What’s the best value wine on your list at the moment?
Value is really subjective; our lists are made to represent good value at every entry point but the best value for money can really be found the further up the list you go. Each list has a ‘little black book’ style selection of wines, older vintages from classic regions and little parcels we’ve nabbed from producers we love.
What is your ultimate food and drink match?
I’m a huge oyster fan and can never decide between how to dress them and which wine I want to drink. Happiness is a dozen oysters with a full variety of dressings (the Vietnamese Oysters at Hawksmoor Knightsbridge are fantastic) with bottle (each) of Vin Jaune or Manzanilla Pasada or a Junmai Daiginjo Sake.
Old World or New World?
The great thing about being in London is we never have to choose. This city really is a melting pot for the world’s wine. There is so much exchange between winemakers that categorising wines in this way is more confusing than it is helpful. There are vineyards in South Africa that pre-date Bordeaux and there is constant conversation between winemakers across the world so we find tradition and innovation everywhere.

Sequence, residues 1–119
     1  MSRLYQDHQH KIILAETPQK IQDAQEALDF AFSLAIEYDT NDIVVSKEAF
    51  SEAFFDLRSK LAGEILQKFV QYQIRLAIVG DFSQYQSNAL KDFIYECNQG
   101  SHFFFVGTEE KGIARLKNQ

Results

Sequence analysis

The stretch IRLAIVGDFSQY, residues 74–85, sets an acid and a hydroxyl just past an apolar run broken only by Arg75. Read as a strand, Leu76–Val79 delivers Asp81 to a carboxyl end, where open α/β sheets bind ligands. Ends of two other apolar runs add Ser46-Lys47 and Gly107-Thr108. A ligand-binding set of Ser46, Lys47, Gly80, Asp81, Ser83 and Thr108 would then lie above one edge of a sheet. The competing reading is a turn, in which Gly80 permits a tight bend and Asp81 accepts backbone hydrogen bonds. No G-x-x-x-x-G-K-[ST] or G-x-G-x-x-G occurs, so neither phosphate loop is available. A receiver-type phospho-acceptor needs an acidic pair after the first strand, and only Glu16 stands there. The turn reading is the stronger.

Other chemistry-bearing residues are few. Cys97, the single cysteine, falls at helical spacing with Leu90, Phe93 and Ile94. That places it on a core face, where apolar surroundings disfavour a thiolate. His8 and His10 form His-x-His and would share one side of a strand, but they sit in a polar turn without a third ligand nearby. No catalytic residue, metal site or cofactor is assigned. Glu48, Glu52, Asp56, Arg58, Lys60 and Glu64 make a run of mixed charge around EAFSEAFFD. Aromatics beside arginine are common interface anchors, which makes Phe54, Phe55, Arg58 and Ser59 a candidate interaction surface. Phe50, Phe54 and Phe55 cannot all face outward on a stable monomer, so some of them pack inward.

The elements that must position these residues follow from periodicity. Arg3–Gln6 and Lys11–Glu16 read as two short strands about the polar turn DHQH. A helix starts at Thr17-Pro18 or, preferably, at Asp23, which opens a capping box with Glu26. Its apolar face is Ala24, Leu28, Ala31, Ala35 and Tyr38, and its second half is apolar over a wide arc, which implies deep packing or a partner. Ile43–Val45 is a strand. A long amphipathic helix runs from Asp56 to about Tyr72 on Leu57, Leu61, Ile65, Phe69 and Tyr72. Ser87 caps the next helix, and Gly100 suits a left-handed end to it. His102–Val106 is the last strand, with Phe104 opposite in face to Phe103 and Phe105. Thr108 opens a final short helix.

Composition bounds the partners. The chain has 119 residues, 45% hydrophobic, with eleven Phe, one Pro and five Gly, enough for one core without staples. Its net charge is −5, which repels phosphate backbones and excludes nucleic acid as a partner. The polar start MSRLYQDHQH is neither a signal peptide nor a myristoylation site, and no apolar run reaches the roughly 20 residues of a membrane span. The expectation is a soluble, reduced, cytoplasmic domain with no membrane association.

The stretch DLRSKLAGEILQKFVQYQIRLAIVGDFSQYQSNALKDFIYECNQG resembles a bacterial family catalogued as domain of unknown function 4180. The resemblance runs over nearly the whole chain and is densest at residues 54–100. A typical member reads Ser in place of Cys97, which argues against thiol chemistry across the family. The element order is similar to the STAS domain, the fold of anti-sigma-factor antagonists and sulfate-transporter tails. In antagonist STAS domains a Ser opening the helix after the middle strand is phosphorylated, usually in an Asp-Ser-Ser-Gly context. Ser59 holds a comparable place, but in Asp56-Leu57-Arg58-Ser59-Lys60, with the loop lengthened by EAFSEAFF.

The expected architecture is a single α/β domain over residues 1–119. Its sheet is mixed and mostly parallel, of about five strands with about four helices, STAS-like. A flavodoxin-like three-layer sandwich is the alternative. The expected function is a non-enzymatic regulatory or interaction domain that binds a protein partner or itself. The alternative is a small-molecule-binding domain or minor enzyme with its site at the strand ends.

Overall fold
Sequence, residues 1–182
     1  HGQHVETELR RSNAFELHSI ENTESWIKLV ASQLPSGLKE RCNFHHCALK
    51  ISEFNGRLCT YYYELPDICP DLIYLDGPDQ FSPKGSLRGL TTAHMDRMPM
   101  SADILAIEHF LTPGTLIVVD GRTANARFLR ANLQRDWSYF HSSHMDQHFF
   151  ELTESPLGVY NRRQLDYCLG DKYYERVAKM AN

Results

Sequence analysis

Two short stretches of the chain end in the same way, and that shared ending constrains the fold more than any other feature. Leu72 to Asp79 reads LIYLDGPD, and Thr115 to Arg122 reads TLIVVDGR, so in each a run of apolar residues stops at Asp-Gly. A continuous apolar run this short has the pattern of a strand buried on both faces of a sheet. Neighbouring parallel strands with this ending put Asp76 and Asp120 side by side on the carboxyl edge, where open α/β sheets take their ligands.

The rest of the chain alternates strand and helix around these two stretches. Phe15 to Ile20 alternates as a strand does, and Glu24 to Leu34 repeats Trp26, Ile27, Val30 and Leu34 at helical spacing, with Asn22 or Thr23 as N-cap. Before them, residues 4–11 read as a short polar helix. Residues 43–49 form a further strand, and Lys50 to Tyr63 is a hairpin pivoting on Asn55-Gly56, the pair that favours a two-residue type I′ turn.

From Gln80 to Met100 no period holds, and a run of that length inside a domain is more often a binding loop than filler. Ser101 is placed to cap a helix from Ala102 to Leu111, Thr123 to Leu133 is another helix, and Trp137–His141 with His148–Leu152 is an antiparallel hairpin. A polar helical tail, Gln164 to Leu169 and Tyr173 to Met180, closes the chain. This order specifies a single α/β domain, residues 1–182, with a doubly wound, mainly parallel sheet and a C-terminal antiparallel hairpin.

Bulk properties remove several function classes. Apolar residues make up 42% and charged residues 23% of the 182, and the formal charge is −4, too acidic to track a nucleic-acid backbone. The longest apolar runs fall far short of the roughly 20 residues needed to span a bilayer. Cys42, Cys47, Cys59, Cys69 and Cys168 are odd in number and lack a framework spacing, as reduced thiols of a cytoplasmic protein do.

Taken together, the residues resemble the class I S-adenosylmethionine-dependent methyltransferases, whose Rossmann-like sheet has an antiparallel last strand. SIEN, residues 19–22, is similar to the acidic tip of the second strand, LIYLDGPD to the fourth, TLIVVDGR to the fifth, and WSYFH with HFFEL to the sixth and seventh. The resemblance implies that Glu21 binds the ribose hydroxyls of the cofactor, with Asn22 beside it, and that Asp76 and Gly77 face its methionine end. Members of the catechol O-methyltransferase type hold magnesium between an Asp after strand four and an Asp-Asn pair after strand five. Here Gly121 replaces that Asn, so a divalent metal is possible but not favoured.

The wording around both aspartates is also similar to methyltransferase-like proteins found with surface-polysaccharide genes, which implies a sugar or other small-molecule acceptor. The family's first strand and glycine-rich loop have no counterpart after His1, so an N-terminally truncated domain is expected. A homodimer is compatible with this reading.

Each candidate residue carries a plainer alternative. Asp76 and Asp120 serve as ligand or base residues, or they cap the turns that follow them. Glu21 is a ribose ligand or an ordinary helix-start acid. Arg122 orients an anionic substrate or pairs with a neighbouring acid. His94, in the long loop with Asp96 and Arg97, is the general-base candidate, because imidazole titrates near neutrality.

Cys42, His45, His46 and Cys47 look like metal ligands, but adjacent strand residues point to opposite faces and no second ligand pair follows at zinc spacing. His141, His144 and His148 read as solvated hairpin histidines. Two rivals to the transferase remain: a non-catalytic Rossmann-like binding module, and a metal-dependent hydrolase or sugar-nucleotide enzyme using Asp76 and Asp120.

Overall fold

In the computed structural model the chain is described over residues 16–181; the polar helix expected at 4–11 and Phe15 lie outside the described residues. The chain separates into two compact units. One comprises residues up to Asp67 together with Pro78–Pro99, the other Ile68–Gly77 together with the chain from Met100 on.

What is your pet hate when it comes to wine service in other restaurants?
Wine service education is my passion and always has been. A true pet-hate would be when I see a sommelier stop a new member of the front-of-house team from going to a table because it’s not their remit. This compounds the issues we have around ‘snobbery’ and creates barriers that don’t serve us as an industry. That, and dirty glassware.
Who is your favourite producer at the moment and why?
It's simply too hard to choose one. I think about all of the incredible producers I know of or have been lucky enough to work with; all to some degree a little mad, and they all share a common thread which is a desire to make something that stimulates connection, conversation, and experience.
As a group wine manager, what question do you most get asked by customers?
“Do you have a dry white?” It’s still a question that haunts me. But what it shows is a guest trying to communicate and that is never a bad thing. I have always tried to approach wine training with the ethos that we should never discourage guests in trying to engage with wine. There’s no such thing as a stupid question.
Which wine producing region or country is currently underrated at the moment and why?
Greece and Austria have some really incredible things going on at the moment. Innovation and tradition in a very exciting synchronicity.
It’s your last meal and you can have a bottle of any wine in the world. What is it and why?
The answer to this question changes all the time but I recently had a bottle of Chambolle Musigny Les Feusselottes from Domaines George Mugneret-Gibourg 2013 with some friends that I wouldn’t mind drinking again.